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Part Number: TMS320F28378S
Other Parts Discussed in Thread: TMDSCNCD28379D, C2000WARE


First, this is not for the indicated TI part number, but I did not know where else to ask this subject question since I can't seem to get an answer elsewhere.

I am in the process of wrapping up a board layout with standard peripheral bus (EMIF) composed of the standard address, data and control signal (WE,OE). I have a board stack up such that the reference plane is 0.1mm below the traces. The rise time from the processor is a 1.5ns minimum. When reviewing the cross talk calculations from various websites I end up with an insane value for any track above 10mm. The values are well over the V low for the chip set of 0.15*Vdd ~0.495V with a track separation of 1H (0.1mm) and maximum trace length for the bus of around 70mm. The only way I can get a reasonable number is to use a separation of 4H. In the past, I have always routed my address/data bus with separation of twice the trace width and never had any issues. I started watching several videos from Eric Bogatin, Rick Hartly and Robert Feranec on YouTube about victim traces and aggressor traces. This got me to rethinking my address and data busses. However, when looking at layout strategies, the track separations become unrealistic for anything I have seen or done. So, this got me to thinking. Is cross-talk only an edge event, I.E. only occurs at the rise and fall edges as the signal propagates down the track? I did a lot of searching and there seems to be no discussion on this. Therefore, I will pose this question here.

Is cross-talk only an edge event or is it a steady state coupling problem? The reason I ask is that traditional data busses will send their address and data signals first, and then some time later raise the control signal line, either WE or OE. Then at some time later, read the data at the receiver. If cross-talk is an edge event and not steady state, then this would make sense with the track spacing that I have used and what I have seen on other systems. If cross-talk is steady state, then it seems to me that the bus would never work with the traditional track separations I have used or seen.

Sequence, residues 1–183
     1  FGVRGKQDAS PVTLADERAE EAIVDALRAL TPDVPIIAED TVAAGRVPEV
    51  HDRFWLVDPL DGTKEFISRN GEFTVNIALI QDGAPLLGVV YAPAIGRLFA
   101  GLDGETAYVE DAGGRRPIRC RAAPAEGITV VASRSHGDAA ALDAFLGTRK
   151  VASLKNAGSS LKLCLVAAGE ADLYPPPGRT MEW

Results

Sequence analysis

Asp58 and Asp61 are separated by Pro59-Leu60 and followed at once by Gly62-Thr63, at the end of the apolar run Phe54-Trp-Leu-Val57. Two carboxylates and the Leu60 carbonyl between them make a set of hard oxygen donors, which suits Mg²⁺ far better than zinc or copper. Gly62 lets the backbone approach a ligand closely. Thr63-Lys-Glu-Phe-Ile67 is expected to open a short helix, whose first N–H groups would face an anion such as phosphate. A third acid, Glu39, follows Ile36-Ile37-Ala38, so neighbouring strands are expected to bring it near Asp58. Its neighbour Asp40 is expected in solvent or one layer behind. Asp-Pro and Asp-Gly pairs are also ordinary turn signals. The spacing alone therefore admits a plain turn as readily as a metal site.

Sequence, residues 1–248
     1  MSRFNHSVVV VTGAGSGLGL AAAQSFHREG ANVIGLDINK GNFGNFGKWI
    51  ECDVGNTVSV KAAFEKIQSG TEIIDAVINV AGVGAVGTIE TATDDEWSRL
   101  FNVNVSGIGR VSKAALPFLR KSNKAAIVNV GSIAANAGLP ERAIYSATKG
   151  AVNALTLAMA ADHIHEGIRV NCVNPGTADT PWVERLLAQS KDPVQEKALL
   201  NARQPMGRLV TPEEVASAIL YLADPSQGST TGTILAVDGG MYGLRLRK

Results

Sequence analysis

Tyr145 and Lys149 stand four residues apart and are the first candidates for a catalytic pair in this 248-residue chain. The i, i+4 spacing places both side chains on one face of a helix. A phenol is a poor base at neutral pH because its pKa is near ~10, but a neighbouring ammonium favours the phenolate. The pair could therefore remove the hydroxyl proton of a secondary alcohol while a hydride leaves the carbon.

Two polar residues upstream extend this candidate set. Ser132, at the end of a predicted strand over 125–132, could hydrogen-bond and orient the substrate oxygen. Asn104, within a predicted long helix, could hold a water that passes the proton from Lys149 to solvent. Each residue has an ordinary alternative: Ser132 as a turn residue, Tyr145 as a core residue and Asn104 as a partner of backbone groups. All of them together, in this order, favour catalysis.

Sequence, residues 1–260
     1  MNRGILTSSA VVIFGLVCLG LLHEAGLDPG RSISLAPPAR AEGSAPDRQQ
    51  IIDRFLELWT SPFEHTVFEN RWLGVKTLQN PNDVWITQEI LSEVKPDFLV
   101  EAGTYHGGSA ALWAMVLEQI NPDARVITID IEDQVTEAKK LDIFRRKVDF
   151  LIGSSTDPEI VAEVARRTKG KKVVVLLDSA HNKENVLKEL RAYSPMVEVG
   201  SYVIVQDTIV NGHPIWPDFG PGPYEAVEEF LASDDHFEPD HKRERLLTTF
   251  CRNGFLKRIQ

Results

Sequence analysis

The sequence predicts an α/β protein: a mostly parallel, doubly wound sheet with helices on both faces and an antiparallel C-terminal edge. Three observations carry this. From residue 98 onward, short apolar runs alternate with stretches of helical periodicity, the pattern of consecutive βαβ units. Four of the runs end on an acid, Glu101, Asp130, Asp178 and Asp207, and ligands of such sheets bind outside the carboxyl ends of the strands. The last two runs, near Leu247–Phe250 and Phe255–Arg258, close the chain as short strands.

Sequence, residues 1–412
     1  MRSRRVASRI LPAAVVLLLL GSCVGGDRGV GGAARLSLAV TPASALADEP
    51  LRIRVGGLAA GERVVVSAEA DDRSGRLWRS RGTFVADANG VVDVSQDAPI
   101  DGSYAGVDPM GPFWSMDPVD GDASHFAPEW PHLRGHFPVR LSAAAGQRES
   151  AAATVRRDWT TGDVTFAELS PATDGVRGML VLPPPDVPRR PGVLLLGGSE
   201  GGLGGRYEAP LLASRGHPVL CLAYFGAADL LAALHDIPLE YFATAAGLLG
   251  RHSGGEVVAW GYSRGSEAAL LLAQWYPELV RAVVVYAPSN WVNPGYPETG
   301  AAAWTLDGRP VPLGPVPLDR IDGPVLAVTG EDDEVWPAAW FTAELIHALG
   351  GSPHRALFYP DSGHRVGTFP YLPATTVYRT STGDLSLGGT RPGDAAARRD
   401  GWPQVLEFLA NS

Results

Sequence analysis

Does anyone have further insight into this. I would really like to stay with my twice track width separation or actually just 2H if H >= 0.1mm for a given stack up for all of my parallel interface busses that I use on microcontroller designs.

Another thing that crossed my mind is what would happen if I created a split between adjacent tracks on the reference plane. In principal, this could break the coupling fields since there would be no reference between the tracks area on the reference plane.

  • James,

    You bring up lots of interesting points! Firstly I should say that I'm no expert, but I agree with your analysis. It is a changing di/dt and dv/dt that causes this cross talk, not a steady state event... you need to create an E field to influence another trace. Also I want to add that there are many factors to consider, trace spacing, trace width, copper thickness, voltage transition (3.3V here), slew rate, ground return path, and the length that the traces routed next to each other. 

    Practically speaking we have a good example of EMIF hardware and software being utilized to communicate to an ET1100 device for EtherCAT. Take a look through the schematic and see how everything is routed. Please note that the schematic for the TMDSCNCD28379D device is in C2000Ware here: C:\ti\c2000\C2000Ware_3_03_00_00\boards\controlCARDs\TMDSCNCD28379D\R1_3. Unfortunately you will need to look at the gerber files as we don't provide the native PCB layout.

    For EMIF we have a guide which discusses some hardware design considerations that you might find useful.